exclusions as affirmative defenses: (1) an exclusion for loss
caused by delay; (2) an exclusion for loss caused by latent
defect; and (3) an exclusion for loss caused by acts, errors,
or omissions in planning, zoning, and development.
Id. Plaintiff filed an opposition to the motion on
June 5, 2017, ECF No. 86, and Defendant filed a reply in
support of its motion on June 12, 2017, ECF No. 87.
the Federal Rules of Civil Procedure, a party may amend a
pleading once as a matter of right within 21 days of serving
it or, “if the pleading is one to which a responsive
pleading is required, 21 days after service of a responsive
pleading or 21 days after service of a motion under Rule
12(b), (e), or (f), whichever is earlier.” Fed.R.Civ.P.
15(a)(1). After that point, absent written consent from the
opposing party, leave to amend must be obtained from the
district court. Fed.R.Civ.P. 15(a)(2). Rule 15(a)(2) provides
that courts “should freely give leave when justice so
requires.” “Reasons for a proper denial of leave
to amend include undue delay, bad faith, futility of
amendment, and perhaps most important, the resulting
prejudice to the opposing party.” AEP Energy Servs.
Gas Holding Co. v. Bank of Am., N.A., 626 F.3d 699, 725
(2d Cir. 2010) (citation omitted); see also Id.
(“The rule in this Circuit has been to allow a party to
amend its pleadings in the absence of a showing by the
nonmovant of prejudice or bad faith.”).
parties correctly recognize, however, “where the court
has already entered a scheduling order in the case, a party
requesting leave to amend must satisfy the ‘good
cause' standard set forth in Rule 16(b).”
Cummins, Inc. v. New York Life Ins., No. 10-cv-9252
(TPG), 2012 WL 3870308, at *3 (S.D.N.Y. Sept. 6, 2012);
see In re Wireless Telephone Servs. Antitrust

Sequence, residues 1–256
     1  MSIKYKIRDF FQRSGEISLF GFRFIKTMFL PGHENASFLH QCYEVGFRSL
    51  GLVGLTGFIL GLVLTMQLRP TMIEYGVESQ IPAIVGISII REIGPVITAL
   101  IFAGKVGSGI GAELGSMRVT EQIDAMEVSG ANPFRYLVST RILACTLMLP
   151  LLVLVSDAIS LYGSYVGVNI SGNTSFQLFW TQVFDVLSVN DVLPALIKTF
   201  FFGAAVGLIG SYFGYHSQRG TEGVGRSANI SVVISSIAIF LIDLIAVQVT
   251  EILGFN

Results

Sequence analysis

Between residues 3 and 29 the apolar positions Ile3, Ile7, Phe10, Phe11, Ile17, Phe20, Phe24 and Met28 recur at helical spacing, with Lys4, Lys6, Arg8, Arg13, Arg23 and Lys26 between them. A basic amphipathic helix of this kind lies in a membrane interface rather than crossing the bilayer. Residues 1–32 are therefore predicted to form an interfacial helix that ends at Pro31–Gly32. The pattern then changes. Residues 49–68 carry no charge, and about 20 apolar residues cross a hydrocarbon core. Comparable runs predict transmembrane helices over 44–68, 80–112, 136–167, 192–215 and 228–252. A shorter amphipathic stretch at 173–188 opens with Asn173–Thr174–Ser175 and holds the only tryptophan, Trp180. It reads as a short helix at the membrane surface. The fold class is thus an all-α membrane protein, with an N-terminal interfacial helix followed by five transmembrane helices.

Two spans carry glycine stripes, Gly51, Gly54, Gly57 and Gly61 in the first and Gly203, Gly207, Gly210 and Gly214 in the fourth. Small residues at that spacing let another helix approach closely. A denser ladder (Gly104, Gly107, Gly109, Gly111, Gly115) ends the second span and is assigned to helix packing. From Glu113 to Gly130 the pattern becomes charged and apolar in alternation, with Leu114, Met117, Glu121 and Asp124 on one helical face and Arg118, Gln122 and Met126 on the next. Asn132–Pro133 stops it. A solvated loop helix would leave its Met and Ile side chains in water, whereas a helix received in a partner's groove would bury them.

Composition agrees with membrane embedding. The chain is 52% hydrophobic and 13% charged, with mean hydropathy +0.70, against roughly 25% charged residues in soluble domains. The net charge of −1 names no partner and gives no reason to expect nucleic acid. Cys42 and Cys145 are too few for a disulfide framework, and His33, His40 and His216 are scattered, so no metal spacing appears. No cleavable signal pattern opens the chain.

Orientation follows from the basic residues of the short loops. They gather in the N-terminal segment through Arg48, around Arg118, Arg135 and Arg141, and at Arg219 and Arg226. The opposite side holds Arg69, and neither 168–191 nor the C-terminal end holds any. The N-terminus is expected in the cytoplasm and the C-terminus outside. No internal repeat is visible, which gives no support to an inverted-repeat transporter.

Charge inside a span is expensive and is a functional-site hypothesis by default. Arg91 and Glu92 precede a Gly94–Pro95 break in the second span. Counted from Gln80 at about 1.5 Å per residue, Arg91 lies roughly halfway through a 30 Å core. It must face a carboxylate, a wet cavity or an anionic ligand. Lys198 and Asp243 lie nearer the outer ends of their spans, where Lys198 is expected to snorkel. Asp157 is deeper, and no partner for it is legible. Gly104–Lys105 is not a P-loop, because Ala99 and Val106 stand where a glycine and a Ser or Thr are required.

Litig., No. 02-cv-2637 (DLC), 2004 WL 2244502, at *5
(S.D.N.Y. Oct. 6, 2004) (“Rule 16(b) governs the
instant motion for leave to amend.”); see also
Parker v. Columbia Pictures Indus., 204 F.3d 326, 340
(2d Cir. 2000) (“Several circuits have ruled that the
Rule 16(b) ‘good cause' standard, rather than the
more liberal standard of Rule 15(a), governs a motion to
amend filed after the deadline a district court has set for
amending the pleadings. . . . We now join these courts in
holding that despite the lenient standard of Rule 15(a), a
district court does not abuse its discretion in denying leave
to amend the pleadings after the deadline set in the
scheduling order where the moving party has failed to
establish good cause.”). The purpose of Rule 16(b) is
“to offer a measure of certainty in pretrial
proceedings, ensuring that at some point both the parties and
the pleadings will be fixed.” Id. at 339-40.
determining whether good cause exists, “the primary
consideration is whether the moving party can demonstrate
diligence.” Kassner v. 2nd Ave. Delicatessen
Inc., 496 F.2d 229, 244 (2d Cir. 2007). But diligence is
not the only consideration. “The district court, in the
exercise of its discretion under Rule 16(b), also may
consider other relevant factors including, in particular,
whether allowing the amendment of the pleading at this stage
of the litigation will prejudice [the opposing party].”
explained below, the Court finds that counsel for Defendant
has failed to show that it acted diligently in seeking leave
to make its desired amendment. Nevertheless, because the
Court cannot discern significant prejudice to Plaintiff and
Third-Party Defendants from allowing the amendment, and
because the Court is hesitant to saddle Defendant itself with
its counsel's failure by precluding Defendant from
pursuing the three ...